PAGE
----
Chapter 6. The User Interface Toolkit

Table of Contents

Introducing WacsUI
Including WacsUI support
WacsUI: DescribeHer
The whatshedoes function
The addkeyicons function
The Link Family
iconlink: WacsUI's Most Important Function
Using the thumblink function
Using the contentlink function
WacsUI: Other Functions

Introducing WacsUI

In this chapter, we're going to take a slightly different tack, we're going to just look at code segments you could choose to include within your application, primarily user interface components taken from the User Interface toolkit, WacsUI. This is not going to be an exhaustive review of what is available as that is covered in detail in the reference section, Chapter 9, WACS API: User Interface Module. Instead this is just a quick taster of just a few of the calls provided by the WacsUI toolkit.

So far we've been dealing with the various routines that are provided by the Core Wacs module - and these relate primarily to configuration parameters and security. There is a second module available for you to use called WacsUI, the WACS User Interface Toolkit. This concerns itself primarily with providing utility functions to ease the tasks of formatting and preparing data from the database into a form more suitable for use in web pages.

Including WacsUI support

To include support for the WACS User Interface (WacsUI) toolkit within your application, you need to add the following extra lines to your code, ideally just after the Wacs core module.

Example 6.1. WacsUI initialisation

require_once "wacsui.php";

$wacsui = new WacsUI;

and here's the perl dialect of the same activity...

use Wacs::WacsUI;

NB: From Wacs 0.8.6, the WacsUI module now lives in a Wacs sub-directory and so needs to be called as Wacs::WacsUI instead of just WacsUI.

WacsUI: DescribeHer

The first function from WacsUI that we're going to look at is called describeher and it is designed to take the output of the very regemented values of the model attributes fields of the database and turn them into something much more readable. Although not implemented yet this provides a good mechanism for doing other translations or providing an attribute table rather than a textual description.

Example 6.2. Using WacsUI: describeher

print $wacsui->describeher( 
       array( 'hair'=>$results[4],


We have to package up our parameter list as an array in order to pass it in Php; perl is somewhat simpler with a simple sequence of named parameters.

print describeher(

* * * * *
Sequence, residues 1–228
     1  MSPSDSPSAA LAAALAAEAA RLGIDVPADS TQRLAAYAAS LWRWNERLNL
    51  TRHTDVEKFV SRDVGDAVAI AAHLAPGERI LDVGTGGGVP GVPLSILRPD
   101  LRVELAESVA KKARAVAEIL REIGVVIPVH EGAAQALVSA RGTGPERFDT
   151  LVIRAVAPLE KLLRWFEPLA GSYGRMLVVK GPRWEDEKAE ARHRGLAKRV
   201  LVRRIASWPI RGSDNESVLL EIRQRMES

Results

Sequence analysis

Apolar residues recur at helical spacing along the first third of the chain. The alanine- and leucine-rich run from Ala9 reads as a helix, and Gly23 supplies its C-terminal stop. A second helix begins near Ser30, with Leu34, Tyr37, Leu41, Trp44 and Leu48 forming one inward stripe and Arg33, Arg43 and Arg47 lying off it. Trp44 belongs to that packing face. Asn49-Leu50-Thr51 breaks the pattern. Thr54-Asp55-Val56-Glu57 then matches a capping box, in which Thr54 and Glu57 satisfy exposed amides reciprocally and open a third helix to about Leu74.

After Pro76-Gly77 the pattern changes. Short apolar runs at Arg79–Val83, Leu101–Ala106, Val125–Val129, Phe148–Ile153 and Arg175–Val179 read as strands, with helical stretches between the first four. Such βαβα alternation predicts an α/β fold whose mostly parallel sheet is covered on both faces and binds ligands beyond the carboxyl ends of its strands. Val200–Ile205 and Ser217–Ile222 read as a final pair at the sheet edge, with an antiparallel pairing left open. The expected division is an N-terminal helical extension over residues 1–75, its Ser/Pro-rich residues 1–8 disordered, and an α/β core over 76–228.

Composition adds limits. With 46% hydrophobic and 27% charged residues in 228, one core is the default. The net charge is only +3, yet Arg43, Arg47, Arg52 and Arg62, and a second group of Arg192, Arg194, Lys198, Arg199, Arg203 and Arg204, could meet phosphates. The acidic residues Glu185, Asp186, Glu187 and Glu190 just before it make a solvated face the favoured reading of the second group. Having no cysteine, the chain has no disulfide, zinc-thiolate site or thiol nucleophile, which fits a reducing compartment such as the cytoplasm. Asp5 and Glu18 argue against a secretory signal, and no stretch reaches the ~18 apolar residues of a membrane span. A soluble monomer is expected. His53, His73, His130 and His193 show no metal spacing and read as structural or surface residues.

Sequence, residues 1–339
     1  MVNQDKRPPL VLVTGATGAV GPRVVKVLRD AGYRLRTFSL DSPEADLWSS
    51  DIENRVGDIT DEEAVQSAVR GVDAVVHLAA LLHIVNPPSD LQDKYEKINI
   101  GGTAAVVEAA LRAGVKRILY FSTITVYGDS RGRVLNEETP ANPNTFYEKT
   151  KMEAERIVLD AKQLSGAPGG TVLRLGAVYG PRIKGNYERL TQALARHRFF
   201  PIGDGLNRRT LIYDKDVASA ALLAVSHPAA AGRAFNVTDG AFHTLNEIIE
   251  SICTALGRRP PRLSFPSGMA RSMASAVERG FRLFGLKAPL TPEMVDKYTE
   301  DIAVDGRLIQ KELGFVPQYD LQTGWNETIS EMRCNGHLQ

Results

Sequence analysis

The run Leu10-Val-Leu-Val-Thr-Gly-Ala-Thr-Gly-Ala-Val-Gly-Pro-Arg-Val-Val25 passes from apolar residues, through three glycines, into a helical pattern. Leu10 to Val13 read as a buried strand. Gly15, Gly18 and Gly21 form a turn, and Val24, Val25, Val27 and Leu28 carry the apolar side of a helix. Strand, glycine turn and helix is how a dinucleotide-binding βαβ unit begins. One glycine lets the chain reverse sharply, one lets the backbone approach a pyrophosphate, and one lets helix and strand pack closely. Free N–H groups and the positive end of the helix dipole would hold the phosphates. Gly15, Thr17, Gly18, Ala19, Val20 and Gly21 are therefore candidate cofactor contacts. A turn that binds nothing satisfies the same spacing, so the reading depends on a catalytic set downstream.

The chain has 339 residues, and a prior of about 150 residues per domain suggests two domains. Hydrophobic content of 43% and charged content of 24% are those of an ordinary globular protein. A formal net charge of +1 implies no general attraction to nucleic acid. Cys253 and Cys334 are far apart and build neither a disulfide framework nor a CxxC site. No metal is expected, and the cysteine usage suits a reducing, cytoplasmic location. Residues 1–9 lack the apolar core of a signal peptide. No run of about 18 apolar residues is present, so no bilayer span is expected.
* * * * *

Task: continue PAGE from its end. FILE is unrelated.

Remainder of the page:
occupation=>$results[12] )."\n";

The above example is based upon modifying the MySimple example program from in the second chapter (Chapter 2, Basics: Getting Started) to add the following extra fields into the query: mhair, mlength, mtitsize, mpussy, mrace, mbuild, mheight, mweight, moccupation after the mimage (with a comma of course) and before the from clause.

The whatshedoes function

As with the previous describeher, whatshedoes is designed to make a readable sentence from a number of fixed format database fields. In this case however, it's a little different as the values passed in are typically either Y for yes, or N for no, and they are translated to a text phrase based upon what they're value is. This also means that if you're using array subscripts to fetch the database field values you need to be careful about positioning. Give a yes to the wrong field and the error will not be as obvious - while blonde breasts would be easy to spot, the fact that each model who did masturbation scenes was listed as doing straight scenes would be less apparent.

For the purposes of this example, we're adding yet more fields to the select statement in the original MySimple program shown in the second chapter (Chapter 2, Basics: Getting Started). In this case msolo, mstraight, mlesbian, mfetish, mtoys, mmast and mother.

Example 6.3. Using WacsUI: whatshedoes

print $wacsui->whatshedoes(
	array( 'solo'=>$results[13],
	       'other'=>$results[19] ) )."\n";

The same function works just the same in perl without the need for the array declaration wrapper:

print whatshedoes(

The addkeyicons function

Both the models and sets schemas feature fields that contain a space seperated list of keywords that mark certain attributes found within that set. These can be quickly turned into a small HTML table of icons using the routine addkeyicons. The fields suitable for use with this are scatinfo from the sets table and mattributes from the models table. These are passed as the first attribute; the second being the displayed size of the icons which for the default icons would be a maximum of 48 x 48 pixels. The function is called simply with:

Example 6.4. Using AddKeyIcons

	addkeyicons( $results[16], 24, $dbhandle );


In WACS 0.9.0 and later, addkeyicons should be passed a third parameter which is the handle to the current active database connection. The act of passing this allows the addkeyicons routine access to the attrib database table which contains the extended range of icons and the ability to add locally defined additional icons. Without this being supplied, any of the extended and locally defined icons will appear as a broken image.


Where possible please update your existing code to pass the dbhandle parameter as well.